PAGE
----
The goal of this study is for the student to use a unique invented shape as a basis for a composition using figure/ground ambiguity, scale contrast, and overlapping shapes. A complementary or split commentary color scheme will be explored.
- Create 1-3 invented shapes that are not overly complex. The shapes can be curvilinear, rectilinear, or organic.
- Photocopy or draw your shape(s) in multiple sizes on Bristol board. Cut them out and use them as stencils for your composition.
- Cut your paper to the format required below and begin your composition. Overlap is required. Feel free to tilt or flip your stencils to create a more dynamic composition. The composition can be filled entirely with positive shapes if this doesn’t become too complex. Feel free to erase unnecessary lines to simplify the composition.
- You will use a complementary or split color scheme plus white to create all the colors you will need for this assignment. Your starting complementary or split complementary colors can vary in saturation and value.
- Mix these starting colors to develop a 12-color inventory. This color inventory should be broad in saturation and value levels. You will use this inventory as a guide for color placement.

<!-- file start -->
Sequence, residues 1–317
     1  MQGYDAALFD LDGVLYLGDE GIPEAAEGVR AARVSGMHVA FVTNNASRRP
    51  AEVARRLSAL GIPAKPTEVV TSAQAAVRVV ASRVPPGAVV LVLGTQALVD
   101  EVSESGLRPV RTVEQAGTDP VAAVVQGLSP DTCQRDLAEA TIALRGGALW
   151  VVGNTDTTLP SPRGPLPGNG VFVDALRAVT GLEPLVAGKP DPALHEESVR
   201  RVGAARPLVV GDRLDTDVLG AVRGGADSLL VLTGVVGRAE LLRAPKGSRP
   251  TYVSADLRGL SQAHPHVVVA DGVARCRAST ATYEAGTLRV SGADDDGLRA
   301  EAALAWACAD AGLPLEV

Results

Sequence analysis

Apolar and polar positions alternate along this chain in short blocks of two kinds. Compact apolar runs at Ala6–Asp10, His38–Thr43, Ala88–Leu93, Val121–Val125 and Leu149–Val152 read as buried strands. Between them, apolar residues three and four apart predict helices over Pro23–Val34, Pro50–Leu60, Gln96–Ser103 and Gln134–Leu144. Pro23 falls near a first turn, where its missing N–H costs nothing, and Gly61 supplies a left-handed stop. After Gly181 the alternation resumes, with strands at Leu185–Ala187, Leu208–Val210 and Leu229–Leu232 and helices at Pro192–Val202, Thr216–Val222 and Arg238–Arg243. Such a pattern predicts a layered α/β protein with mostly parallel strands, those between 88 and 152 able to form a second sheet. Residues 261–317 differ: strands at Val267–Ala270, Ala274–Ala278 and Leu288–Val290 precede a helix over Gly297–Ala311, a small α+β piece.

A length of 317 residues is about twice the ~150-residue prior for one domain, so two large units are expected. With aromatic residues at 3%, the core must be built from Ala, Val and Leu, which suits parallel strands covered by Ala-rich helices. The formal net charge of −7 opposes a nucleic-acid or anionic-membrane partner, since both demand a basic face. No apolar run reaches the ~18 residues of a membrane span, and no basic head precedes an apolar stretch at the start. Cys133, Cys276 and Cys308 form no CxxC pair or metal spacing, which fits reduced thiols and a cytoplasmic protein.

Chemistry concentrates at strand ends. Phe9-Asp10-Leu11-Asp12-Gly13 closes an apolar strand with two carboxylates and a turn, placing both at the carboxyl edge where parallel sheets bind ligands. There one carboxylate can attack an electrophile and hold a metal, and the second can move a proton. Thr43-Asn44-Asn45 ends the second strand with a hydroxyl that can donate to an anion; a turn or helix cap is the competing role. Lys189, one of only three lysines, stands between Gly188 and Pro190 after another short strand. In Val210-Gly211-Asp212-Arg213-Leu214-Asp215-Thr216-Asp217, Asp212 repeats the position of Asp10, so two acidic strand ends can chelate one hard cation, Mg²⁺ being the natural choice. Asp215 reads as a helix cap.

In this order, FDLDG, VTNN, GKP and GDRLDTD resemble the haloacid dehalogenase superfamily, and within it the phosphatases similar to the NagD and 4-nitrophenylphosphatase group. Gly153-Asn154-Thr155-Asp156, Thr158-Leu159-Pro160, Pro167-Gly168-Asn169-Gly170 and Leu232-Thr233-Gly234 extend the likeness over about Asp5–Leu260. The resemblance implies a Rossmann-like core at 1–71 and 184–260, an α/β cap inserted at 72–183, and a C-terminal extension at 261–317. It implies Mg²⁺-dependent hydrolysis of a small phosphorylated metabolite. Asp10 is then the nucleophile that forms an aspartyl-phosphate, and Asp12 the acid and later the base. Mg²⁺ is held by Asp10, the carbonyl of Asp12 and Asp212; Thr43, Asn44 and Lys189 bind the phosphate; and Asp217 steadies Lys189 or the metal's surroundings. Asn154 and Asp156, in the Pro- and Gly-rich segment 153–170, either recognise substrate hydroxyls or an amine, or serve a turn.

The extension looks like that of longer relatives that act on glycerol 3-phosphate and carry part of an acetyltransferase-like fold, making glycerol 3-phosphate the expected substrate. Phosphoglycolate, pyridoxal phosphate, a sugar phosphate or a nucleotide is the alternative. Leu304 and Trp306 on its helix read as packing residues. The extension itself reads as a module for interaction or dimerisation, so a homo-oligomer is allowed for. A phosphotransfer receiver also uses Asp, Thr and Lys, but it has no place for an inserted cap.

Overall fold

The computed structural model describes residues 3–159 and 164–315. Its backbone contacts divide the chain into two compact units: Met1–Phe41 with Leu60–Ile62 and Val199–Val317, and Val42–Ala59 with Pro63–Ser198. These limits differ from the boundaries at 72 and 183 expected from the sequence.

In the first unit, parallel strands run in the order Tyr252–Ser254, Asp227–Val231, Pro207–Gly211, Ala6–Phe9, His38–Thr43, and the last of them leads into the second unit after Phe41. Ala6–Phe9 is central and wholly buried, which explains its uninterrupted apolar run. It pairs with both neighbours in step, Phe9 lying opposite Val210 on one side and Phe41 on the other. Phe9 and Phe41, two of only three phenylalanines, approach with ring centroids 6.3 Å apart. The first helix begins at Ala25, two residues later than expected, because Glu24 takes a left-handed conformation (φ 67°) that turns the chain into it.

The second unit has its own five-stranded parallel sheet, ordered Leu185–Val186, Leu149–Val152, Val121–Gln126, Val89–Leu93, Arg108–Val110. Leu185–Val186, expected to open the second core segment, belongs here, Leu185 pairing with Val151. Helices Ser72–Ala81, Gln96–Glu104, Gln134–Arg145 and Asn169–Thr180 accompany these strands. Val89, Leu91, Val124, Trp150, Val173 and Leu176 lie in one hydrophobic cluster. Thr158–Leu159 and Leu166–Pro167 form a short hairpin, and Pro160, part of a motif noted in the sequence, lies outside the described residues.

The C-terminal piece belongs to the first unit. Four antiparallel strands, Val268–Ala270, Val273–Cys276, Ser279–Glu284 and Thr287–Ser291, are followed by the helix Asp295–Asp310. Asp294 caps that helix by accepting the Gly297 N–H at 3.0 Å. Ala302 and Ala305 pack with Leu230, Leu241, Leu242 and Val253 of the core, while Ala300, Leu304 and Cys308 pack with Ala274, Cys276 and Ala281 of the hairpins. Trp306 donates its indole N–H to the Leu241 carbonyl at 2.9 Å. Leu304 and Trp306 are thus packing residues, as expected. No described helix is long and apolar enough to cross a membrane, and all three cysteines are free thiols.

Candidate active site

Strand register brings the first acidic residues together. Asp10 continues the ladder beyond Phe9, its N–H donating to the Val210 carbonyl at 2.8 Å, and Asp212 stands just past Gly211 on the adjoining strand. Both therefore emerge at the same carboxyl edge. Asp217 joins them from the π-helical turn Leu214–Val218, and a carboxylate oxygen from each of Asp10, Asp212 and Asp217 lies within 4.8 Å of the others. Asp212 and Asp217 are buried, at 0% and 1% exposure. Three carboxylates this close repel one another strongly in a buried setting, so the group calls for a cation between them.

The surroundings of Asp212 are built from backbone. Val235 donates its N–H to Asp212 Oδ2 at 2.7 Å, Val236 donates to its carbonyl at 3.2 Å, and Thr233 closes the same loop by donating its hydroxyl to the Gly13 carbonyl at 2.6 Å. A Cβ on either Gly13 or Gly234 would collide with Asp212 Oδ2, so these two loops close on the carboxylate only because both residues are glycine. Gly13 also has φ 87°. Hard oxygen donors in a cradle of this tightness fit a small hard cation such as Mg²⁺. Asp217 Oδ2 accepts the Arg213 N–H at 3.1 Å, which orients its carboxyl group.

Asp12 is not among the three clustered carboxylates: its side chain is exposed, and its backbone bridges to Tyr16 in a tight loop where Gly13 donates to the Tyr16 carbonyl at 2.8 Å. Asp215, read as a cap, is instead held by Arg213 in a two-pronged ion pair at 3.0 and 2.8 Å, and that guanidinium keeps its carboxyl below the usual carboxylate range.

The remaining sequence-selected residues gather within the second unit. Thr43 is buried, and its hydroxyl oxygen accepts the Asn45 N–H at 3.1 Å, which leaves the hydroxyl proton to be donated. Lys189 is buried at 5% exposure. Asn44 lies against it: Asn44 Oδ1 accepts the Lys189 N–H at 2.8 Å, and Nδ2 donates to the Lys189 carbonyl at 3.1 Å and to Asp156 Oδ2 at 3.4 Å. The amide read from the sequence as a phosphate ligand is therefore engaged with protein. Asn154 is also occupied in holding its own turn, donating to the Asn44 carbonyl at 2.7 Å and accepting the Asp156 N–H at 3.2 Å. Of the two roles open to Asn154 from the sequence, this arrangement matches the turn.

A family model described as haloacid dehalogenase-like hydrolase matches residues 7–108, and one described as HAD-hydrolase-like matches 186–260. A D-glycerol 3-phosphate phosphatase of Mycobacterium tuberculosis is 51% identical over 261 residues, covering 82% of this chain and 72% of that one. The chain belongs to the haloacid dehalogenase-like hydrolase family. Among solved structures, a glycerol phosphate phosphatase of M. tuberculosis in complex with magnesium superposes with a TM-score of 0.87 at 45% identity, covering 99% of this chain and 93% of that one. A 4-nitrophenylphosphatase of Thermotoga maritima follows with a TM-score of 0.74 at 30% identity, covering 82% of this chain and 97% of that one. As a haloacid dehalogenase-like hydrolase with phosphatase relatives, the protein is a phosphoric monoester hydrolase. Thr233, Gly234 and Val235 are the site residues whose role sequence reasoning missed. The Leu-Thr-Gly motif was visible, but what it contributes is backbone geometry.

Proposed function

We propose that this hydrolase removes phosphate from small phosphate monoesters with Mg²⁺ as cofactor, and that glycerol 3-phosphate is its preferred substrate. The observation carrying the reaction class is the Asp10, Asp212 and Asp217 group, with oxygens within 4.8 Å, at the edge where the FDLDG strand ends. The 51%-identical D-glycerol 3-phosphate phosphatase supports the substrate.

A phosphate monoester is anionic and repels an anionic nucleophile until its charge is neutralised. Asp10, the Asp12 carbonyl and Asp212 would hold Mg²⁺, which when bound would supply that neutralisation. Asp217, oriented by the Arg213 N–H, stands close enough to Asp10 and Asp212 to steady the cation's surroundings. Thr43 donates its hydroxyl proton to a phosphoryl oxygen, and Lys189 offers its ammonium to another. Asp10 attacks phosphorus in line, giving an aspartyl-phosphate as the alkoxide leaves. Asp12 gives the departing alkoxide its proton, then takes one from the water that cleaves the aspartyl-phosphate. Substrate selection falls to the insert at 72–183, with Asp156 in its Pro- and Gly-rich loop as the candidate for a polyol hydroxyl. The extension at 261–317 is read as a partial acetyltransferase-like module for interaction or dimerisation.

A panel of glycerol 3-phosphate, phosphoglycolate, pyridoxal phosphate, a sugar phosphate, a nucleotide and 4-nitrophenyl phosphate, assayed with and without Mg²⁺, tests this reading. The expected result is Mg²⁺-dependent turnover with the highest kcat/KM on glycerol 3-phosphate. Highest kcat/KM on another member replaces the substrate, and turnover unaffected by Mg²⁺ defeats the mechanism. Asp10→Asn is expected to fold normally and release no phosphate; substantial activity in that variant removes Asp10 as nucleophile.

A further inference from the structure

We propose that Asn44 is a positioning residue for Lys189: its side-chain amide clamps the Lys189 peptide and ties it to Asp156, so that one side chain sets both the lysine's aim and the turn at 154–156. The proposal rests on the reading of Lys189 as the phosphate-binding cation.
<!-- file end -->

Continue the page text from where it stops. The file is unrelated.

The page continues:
- Figure out a color placement plan on your composition. At least 6 colors should be used. You can also make a photocopy of your current composition and test out color placement that way. You want the composition to feel balanced with color proportions that are harmonious.
- Mix all the colors you will be using and save them in a storage container.
- Fill in your composition leaving no white areas.
Dualities: Creating Visual Tension
Project Description: You will create visual tension in a single composition based on your chosen duality. The composition must be abstract, meaning that you can use invented or pre-existing shapes. Avoid representation.
Your final piece will include the following:
- 1 color palette per word
- A sense of space
- Area(s) of emphasis
- Consider how rhythm, movement, balance, harmony/discord, texture, and shape affect the content of your
- Bristol paper least 15”X20” (does not have to be rectangular in format)
- Acrylic Paint + Paint supplies
- Color Wheel for reference